Newspaper Articles – Issue 13
by Dusti Rhodes
Success in the music business is generally considered to be the product of three factors: what one knows, who one knows, and timing.
With that in mind, then, success should be firmly in Kiki Dee’s grasp at this point. It seems, however, that Kiki has spent most of her career standing on the brink of mass acceptance; occasionally stepping over, then slipping back into the quagmire of also-rans.
It’s been 13 years since Kiki began the long and arduous climb to the top, as a cabaret singer at 16 years of age. Success on the cabaret circuit led to her first recording contract and an album, I’m Kiki Dee, released in England on Fontana Records. That lp caused little reaction outside of the recording industry; but within music-biz circles, Kiki’s reputation began to spread, and in 1969, Kiki was the first white artist to be signed with the Tamla/Motown label in Detroit. She released one album on the label, titled Great Expectations — an apt title for an album that was later found belly-up in the cut-out bins, as Motown moved its headquarters to the West coast, and Kiki’s career was misplaced in the shuffle.
But the Motown era was not entirely fruitless: it led to Kiki’s fateful meeting with John Reid, who was working for the label at the time. When Reid left Motown to manage Elton John, he arranged the initial meeting between Elton and Kiki — a meeting that blossomed into a friendship and professional association that would further Kiki’s career considerably.
Under the guidance of Captain Fantastic, Kiki’s writing talents were put to use to include four of her own songs on the Elton-produced Loving And Free album, her first for Elton’s Rocket label.
Once again, Kiki found herself on the brink of stardom — but once again, in spite of her heavy touring schedule as opening act for heavies like Elton John, The Beach Boys and Steely Dan, industry enthusiasm far outweighed commercial success; and Kiki Was soon back in the studio readying another album for release in the same year.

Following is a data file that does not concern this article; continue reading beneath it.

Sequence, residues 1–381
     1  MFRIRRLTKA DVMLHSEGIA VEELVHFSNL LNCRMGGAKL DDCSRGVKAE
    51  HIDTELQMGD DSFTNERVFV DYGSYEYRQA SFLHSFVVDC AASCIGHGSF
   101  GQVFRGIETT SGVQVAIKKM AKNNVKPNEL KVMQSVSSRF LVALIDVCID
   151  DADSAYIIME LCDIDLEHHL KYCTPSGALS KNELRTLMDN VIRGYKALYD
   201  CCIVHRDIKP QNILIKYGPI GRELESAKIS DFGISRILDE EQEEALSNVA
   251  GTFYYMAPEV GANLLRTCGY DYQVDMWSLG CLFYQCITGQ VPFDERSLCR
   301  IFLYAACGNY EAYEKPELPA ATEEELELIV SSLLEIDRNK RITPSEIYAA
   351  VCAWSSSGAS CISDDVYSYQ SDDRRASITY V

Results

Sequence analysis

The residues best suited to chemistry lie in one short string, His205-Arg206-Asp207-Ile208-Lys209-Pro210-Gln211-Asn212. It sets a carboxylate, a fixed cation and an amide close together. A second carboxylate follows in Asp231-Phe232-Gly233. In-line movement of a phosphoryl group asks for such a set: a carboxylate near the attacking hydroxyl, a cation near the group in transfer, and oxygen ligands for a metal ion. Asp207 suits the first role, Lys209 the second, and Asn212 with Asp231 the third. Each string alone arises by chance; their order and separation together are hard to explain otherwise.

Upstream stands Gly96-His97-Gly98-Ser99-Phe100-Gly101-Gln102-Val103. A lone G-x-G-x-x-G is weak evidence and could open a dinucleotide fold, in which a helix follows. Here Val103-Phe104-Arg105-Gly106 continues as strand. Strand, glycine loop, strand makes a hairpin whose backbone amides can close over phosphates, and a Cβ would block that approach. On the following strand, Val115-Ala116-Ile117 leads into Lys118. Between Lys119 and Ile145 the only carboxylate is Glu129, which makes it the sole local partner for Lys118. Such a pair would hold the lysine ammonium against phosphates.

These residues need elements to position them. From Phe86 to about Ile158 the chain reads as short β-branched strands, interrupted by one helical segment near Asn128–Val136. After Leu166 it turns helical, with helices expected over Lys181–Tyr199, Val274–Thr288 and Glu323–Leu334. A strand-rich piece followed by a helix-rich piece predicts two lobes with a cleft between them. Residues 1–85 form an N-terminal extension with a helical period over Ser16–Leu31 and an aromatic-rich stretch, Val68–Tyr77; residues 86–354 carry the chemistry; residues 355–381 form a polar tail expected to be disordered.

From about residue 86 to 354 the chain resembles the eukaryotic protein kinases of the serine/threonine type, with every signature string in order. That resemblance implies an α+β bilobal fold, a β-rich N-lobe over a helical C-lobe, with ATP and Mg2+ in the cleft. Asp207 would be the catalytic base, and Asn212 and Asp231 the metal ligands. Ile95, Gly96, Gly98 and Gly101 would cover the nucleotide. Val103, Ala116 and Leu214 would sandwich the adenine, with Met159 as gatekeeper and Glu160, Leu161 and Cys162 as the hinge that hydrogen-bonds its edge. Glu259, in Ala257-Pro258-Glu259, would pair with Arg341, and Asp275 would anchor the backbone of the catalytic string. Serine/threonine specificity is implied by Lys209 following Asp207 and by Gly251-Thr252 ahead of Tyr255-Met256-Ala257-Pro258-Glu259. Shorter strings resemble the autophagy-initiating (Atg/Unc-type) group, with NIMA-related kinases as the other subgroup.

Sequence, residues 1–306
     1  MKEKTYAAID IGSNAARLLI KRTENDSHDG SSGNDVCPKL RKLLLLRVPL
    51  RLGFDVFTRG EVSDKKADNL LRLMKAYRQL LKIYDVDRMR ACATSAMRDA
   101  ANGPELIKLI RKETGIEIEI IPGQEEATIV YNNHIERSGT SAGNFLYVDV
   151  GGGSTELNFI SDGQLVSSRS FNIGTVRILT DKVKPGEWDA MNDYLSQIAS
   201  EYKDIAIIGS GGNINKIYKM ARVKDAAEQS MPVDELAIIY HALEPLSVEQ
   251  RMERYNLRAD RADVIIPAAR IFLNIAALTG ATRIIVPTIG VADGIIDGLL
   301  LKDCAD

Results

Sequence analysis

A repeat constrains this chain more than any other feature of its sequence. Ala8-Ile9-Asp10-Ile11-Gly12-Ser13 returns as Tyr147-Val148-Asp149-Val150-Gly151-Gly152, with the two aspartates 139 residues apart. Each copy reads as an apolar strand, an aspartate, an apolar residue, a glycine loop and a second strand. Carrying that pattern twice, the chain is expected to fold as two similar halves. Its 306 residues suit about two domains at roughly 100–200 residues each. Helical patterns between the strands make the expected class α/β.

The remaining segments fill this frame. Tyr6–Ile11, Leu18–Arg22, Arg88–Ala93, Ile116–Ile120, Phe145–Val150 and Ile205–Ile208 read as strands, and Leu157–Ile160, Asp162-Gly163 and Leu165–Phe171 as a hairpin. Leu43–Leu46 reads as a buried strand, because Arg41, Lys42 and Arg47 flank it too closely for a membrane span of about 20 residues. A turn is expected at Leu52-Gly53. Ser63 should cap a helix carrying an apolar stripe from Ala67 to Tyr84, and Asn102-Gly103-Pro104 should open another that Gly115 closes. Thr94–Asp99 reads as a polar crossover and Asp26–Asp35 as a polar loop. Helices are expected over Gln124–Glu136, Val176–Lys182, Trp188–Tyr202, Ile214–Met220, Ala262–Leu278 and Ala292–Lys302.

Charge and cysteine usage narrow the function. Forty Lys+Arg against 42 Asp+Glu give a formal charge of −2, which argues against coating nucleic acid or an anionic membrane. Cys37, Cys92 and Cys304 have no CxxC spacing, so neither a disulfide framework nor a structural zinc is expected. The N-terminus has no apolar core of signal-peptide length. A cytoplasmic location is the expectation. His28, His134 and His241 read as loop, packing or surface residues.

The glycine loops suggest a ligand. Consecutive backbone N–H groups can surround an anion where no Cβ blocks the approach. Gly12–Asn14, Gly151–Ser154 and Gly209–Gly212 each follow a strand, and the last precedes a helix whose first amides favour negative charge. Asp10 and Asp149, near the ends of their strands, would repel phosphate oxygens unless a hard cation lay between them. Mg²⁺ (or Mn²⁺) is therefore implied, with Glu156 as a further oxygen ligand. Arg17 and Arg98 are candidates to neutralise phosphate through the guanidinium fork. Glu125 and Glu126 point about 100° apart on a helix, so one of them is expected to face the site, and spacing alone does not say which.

Consistent exposure apparently paid off, and Kiki’s great non-advice song, “I’ve Got The Music In Me”, the title track from her second Rocket album, yielded an international hit single and considerable attention, along with a second tour as Elton’s opening act. That tune was perhaps Kiki’s finest showing to date as a rocker, and demonstrated her ability to step out from behind herself when she’s feeling really confident.
The same confidence marked last year’s “Don’t To Breakin’ My Heart”; confidence and gold-record success being bolstered (albeit borrowed) by Kiki’s teaming with Elton for that single joint musical venture.
Now, a year later, Kiki is out with a new album, produced once again by Elton, and titled simply, Kiki Dee, An impressive list of musical contributors on the album, includes Dee Murray, Davey Johnston, Steve Holley, Ray Cooper, Bias Boshell, James Newton-Howard, Randy, Michael Brecker, David Sanborn, and ELO’s Richard Tandy, Hugh McDowell, and Melvin Gale. But Kiki’s self-titled effort seems a testing ground, more than anything, with Kiki’s strengths demonstrated best in her own compositions — a natural tendency, I suppose, but glaring in this case.
The album’s rockers are characterized by over abundant strings, confusing arrangements, and flat mixes, in which Kiki tends to get lost. There seems to be a lack of conviction or command in Kiki’s vocals on the up-tempo tracks; one can’t get over the feeling that there is still some confidence lacking, and that Kiki would be a killer rock vocalist if she’d just cut loose and wail.
The album’s best moments display the softer side of Kiki, in six of her own tunes. “Sweet Creation”, (co-written with James Newton-Howard and Gary Osborne) and “Into Eternity”, (co-written with Davey Johnston and Gary Osborne) feature simpler instrumentation and arrangements, in front of which Kiki’s vocals seem strong and sure, with more power and feeling cutting through. “Night Hours” and “Bad Day Child” are perhaps the best dramatic ode to the one that got away; the latter, a basically acoustic number, offering safe harbor in a sad/sweet song to a troubled lover. Kiki shows the most vocal exercise in “Walking”, a wistful, somber, reflective tune that finds her backed only with acoustic piano for most of the song.
Why, then, all the emphasis on Kiki as a rocker, if her obvious strength, at least this time around, are toward the roll side of rock? It might have something to do with the ongoing association with Elton, who “popped in” on a few major dates during her just-completed American tour — despite Kiki’s contention that she’s set out to establish her own identity without copping any more rides on Elton’s status, one is still made very aware of EJ’s presence and involvement. Only the best intentions are at heart, no doubt, but it’s gotta be a bitch trying to build a career in the shadow of a giant.
So the timing is right for Kiki’s emergence as a writer and vocalist of her own strengths and weaknesses, with her own direction. A listen to her new album provides a glimpse of an immense talent, waiting to be pulled out of a pool of self doubt, where she can nurture her own strengths to become a more convincing artist.